If you’ve tried to redeem your credit card’s frequent flyer miles for a ticket recently, you may have noticed that it’s gotten harder than ever. In recent years, airline mergers have cut the number of flights – and upgrades – available, making it increasingly difficult to use your miles when and where you want. In response, airlines have expanded the number of options you have when redeeming your points, offering customers everything from food processors to tennis lessons with Andre Agassi.
According to most sources, the average value of an airline mile is 1.4 cents. Most carriers offer domestic, round-trip coach tickets for 25,000, or an average of $350 in cash. True, anything you get for your points is a bonus, but there’s no reason not to search for the best deal. So how shouldn’t you use your miles? Let’s look at the worst option first.
Value: $ .22-.42 per mile
While you do get something out of redeeming your miles for merchandise, it’s still not a very good use of your points. Take Delta’s or United’s stores, for instance. You could buy a Brother computerized sewing machine from Delta for 67,000 miles, or a Dyson vacuum from United for 100,900 miles. However, you could also buy those items for $149 and $429 on Amazon, giving you between .22 and .42 cents per point.
It’s a far better idea to use your affiliated credit card to buy one of these items at the best price possible on a site like Amazon. Then use the points you accrue in the best possible way – a flight.
Redeeming your miles for hotel stays or car rentals
Value: $ .48-1 per mile
If you’re going to take a flight, you’re probably also going to need somewhere to stay when you get to your destination, and possibly a car to drive while you’re there. It makes sense that airlines now allow you to redeem points for nights at participating hotels and car rentals, too. But it’s still not as good a deal as a flight.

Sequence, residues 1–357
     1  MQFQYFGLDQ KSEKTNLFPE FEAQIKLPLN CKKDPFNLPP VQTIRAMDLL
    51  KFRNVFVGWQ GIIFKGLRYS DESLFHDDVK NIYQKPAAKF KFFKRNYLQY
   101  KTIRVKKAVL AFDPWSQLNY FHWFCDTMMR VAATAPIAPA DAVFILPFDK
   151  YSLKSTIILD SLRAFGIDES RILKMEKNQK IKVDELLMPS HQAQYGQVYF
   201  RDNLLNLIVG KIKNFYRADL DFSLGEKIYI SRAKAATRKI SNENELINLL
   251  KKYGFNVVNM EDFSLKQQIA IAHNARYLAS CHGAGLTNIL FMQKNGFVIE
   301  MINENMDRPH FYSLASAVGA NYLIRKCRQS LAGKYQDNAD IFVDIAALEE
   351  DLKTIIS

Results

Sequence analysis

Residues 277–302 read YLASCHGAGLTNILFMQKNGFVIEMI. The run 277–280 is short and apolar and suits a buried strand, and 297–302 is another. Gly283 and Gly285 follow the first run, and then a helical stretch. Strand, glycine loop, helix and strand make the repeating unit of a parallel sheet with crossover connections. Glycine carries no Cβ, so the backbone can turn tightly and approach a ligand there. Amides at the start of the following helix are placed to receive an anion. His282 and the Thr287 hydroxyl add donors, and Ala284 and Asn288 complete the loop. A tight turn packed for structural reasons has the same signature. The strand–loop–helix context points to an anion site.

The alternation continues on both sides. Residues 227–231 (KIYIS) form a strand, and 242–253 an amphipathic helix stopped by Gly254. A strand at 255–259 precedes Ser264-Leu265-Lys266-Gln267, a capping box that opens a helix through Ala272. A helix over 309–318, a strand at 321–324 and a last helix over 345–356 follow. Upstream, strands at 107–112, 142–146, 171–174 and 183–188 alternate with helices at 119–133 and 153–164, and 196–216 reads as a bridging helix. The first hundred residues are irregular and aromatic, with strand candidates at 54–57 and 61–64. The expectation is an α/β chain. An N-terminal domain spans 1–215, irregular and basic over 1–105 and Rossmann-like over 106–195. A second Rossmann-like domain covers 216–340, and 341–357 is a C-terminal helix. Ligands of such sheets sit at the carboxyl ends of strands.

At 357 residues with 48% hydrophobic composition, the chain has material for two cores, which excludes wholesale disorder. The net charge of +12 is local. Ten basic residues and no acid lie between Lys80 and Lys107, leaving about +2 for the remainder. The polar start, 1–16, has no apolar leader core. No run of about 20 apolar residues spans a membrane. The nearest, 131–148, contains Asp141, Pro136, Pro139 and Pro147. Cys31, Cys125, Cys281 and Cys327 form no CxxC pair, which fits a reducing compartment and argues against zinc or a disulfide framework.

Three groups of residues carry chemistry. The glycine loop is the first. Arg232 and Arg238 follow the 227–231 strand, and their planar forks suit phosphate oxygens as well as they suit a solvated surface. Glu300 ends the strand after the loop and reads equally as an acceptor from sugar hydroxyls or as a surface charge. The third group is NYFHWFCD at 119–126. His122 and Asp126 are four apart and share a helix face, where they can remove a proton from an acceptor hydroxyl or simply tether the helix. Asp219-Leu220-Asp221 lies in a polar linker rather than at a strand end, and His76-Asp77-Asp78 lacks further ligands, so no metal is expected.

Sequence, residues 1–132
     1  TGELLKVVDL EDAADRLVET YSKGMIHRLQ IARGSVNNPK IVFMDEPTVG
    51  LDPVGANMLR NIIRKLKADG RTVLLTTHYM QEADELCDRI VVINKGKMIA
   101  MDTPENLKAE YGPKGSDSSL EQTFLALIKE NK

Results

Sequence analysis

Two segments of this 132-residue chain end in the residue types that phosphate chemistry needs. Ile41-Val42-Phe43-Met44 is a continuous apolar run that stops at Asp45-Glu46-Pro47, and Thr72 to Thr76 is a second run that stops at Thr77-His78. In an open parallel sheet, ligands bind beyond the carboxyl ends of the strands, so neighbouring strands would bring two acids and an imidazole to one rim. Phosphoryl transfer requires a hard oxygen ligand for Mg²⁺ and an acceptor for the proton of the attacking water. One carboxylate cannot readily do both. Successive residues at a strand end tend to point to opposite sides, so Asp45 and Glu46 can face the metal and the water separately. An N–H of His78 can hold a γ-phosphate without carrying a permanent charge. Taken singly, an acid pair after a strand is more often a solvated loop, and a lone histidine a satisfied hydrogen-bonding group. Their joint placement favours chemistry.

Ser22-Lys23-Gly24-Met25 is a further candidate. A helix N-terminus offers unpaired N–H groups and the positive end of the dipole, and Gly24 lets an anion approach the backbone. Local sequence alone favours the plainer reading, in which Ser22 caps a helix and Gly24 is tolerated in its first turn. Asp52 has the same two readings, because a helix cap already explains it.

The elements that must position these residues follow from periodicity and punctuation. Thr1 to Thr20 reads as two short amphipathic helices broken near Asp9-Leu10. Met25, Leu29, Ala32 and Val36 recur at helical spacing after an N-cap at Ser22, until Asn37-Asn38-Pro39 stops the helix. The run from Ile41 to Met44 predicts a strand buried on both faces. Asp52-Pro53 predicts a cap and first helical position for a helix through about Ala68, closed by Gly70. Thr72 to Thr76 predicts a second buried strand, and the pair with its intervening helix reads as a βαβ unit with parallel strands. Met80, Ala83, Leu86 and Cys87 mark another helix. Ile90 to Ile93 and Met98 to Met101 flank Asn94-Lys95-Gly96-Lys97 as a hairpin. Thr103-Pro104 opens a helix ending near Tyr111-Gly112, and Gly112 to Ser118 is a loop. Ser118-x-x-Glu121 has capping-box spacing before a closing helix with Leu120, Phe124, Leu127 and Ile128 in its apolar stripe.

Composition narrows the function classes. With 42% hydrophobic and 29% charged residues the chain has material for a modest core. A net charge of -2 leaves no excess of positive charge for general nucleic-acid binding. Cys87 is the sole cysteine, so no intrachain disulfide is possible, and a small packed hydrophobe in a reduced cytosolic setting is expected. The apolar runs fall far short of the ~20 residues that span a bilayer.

You can redeem points for a night at New York’s Andaz Wall Street on with both American Airlines and United. On Kayak, a night costs $166. On American, it costs 29,600 (or .56 cents per point) and on United, it costs 25,950 (or .63 cents per point). There’s the same spread at the Sheraton Tribeca. However, American is the clear winner if you’re looking to rent an economy car from LaGuardia. Your cheapest option only costs 7,000 miles per day for a $72 value, or a whole cent per point, while if you book through United, it’s 15,000 miles (or .48 cents per point).
Redeeming on off-peak times
Ok, so redeeming for off-peak flights isn’t a terrible way to go. And some airlines restrict the availability of award flights during busy days, so if you aren’t willing to check frequently, this might be the among the best option you can get. But for flat-rate award flights, you’re best off if you redeem for tickets that would be expensive if you paid in cash. For example, if domestic award flights are 25,000 miles each, it’s better to redeem for a flight that’s going for $350 instead of one going for $150. Unless the airline levies a surcharge for late bookings, last-minute flights can also be a better option than lower-cost flights.
The bottom line
Of course, the absolute worst way to use your miles is to let them expire. Some cards also require you to forfeit your miles and other rewards if you fail to make on-time payments. If you’ve earned points, someone should get to use them. But if you’re looking for the absolute best deal, a flight is still it. In fact, a first class, round-trip ticket from LaGuardia to Heathrow, booked a week ahead of time, is 147,500 miles on United and retails for $15,059 on Kayak. That’s 10.2 cents per point. So for the best value, save up your points and splurge.
Plane image via Shutterstock.